Volunteers and Pressed Men

Book review

John A. Hargreaves, last updated: 21st September 2017

How Britain and its Empire Raised Its Forces in Two World Wars

Volunteers and Pressed Men. How Britain and its Empire Raised Its Forces in Two World Wars, Roger Broad, Fonthill, 2016, hardback, 206 pp., £20.00, ISBN 9781781553961

This volume focuses specifically upon recruitment for the two World Wars of the twentieth century, which will enable students to readily compare and contrast similarities and differences in the strategies adopted between the First and Second World Wars.

The author Roger Broad refers to what he calls the ‘great heroic myth of twentieth century British history', that Britain ‘stood alone’ after the fall of France in June 1940. He insists rather that, as in 1914-18, Britain could call ‘on the human and material resources of the world’s greatest empire in 1939-45’, and argues that ‘without this aid, they could not have held off Germany, Italy and, later, Japan'.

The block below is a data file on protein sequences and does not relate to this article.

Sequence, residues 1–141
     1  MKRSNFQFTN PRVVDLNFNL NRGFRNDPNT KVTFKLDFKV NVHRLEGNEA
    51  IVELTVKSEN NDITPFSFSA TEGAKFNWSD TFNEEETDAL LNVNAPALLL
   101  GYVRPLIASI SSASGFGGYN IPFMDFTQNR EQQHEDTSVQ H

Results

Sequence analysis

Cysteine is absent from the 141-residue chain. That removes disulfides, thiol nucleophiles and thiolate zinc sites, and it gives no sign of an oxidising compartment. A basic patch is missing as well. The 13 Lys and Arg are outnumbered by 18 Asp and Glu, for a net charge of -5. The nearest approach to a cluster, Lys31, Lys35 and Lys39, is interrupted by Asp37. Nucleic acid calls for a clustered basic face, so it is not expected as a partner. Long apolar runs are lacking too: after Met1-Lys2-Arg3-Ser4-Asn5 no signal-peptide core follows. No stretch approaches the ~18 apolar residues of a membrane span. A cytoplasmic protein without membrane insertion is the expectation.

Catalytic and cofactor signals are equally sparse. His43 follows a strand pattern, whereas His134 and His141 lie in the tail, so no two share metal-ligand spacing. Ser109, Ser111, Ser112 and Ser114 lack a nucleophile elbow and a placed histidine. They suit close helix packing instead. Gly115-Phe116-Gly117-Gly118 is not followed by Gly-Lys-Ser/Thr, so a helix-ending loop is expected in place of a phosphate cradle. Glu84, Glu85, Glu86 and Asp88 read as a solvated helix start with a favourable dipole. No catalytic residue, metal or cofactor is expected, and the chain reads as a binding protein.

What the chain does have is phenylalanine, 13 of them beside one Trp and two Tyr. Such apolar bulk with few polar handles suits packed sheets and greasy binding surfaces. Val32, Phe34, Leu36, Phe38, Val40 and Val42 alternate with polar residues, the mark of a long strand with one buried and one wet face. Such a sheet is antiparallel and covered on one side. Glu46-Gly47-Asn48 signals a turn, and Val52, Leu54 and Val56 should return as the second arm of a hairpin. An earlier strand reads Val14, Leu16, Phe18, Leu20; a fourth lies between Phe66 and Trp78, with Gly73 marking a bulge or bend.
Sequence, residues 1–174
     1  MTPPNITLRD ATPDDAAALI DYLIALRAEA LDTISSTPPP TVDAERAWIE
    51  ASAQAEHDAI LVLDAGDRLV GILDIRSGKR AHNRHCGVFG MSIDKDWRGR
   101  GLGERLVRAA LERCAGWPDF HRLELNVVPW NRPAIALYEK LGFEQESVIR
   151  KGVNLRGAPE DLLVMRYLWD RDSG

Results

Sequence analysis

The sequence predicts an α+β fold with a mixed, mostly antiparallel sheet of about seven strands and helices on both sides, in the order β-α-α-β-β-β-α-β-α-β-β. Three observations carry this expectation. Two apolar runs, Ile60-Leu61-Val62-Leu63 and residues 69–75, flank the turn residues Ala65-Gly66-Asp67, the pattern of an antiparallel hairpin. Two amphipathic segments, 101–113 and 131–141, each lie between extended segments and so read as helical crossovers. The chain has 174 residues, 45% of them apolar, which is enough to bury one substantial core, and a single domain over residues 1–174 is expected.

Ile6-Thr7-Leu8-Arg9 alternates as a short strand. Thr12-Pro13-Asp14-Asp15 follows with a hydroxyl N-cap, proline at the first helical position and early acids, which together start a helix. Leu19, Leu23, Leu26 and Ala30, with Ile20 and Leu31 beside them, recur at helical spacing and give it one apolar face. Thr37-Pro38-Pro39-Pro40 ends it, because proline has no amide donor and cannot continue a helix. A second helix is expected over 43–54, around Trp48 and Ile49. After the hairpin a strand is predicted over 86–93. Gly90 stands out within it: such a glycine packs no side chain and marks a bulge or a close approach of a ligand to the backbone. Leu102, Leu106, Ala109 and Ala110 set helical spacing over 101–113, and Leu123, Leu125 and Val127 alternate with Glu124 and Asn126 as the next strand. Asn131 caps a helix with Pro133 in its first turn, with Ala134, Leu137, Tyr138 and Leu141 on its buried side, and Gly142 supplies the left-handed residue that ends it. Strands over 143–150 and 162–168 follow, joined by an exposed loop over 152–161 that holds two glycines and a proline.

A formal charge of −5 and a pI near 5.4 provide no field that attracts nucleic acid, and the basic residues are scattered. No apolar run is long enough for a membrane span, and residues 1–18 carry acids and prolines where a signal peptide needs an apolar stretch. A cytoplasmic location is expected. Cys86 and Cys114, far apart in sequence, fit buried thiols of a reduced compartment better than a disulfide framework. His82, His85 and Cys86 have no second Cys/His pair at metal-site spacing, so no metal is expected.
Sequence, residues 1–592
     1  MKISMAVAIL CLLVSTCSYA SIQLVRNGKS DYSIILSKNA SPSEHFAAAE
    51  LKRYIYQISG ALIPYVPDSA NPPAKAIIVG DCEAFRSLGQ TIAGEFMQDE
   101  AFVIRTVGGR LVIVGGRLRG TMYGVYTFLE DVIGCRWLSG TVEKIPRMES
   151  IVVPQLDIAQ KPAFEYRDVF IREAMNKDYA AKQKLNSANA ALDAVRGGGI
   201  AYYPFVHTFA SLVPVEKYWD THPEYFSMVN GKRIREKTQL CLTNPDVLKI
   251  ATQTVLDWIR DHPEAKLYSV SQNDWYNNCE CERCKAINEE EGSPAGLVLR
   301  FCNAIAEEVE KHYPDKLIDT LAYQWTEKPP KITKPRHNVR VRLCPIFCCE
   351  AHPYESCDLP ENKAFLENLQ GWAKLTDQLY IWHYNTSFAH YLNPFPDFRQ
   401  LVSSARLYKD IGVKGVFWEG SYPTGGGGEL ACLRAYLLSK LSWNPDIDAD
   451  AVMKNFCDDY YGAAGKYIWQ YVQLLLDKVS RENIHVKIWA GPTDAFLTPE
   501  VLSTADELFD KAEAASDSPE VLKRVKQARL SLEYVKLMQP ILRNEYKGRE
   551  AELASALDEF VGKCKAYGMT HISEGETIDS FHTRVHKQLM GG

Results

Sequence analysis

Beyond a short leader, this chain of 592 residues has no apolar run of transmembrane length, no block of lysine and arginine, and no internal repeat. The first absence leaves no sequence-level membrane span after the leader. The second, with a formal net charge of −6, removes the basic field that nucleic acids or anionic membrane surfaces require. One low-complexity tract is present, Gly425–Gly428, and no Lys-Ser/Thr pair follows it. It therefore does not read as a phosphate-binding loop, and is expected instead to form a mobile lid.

In the First World War, it is well-known that Britain depended on volunteers to form Kitchener's ‘New Army’, and his pointing finger on the most famous recruiting poster of the war in 1914 appears first in the line-up of a section of illustrations in the centre of the book. There are also images recalling that South African, Canadian, New Zealand, Indian, Burmese and Australian forces fought alongside British troops in these conflicts.

The book is divided into two parts dealing with each war respectively and each section is sub-divided geographically into the main allies who fought alongside Britain in both wars - namely Canada, Australia, New Zealand, Newfoundland, South Africa, India, the Colonial Empire and additionally in the Second World War Ireland/Eire, enabling students to make contrasts and comparisons between the two conflicts.

The text draws upon official documents, diaries, memoirs, and other sources and there is a detailed, differentiated bibliography, to enable students to undertake further research into the key alliances that secured victory in both wars.